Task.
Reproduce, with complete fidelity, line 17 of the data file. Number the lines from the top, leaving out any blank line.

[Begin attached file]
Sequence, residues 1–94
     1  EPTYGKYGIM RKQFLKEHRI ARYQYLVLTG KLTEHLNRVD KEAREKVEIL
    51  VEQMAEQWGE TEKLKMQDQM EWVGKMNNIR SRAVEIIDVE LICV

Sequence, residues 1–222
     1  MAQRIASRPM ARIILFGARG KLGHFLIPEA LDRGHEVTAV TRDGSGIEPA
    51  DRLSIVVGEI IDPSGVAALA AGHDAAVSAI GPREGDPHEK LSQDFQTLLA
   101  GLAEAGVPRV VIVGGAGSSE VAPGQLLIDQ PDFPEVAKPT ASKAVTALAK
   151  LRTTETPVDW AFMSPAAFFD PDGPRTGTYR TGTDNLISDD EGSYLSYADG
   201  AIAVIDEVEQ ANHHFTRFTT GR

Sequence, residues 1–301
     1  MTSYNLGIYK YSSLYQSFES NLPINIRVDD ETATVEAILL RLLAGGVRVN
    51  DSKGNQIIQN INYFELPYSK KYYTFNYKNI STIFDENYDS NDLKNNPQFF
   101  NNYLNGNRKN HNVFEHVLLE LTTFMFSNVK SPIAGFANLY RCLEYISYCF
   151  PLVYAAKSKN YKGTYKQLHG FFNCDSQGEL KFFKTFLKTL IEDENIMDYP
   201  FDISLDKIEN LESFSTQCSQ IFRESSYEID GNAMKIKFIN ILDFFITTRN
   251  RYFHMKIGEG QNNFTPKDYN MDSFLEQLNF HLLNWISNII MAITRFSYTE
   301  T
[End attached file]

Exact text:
   301  T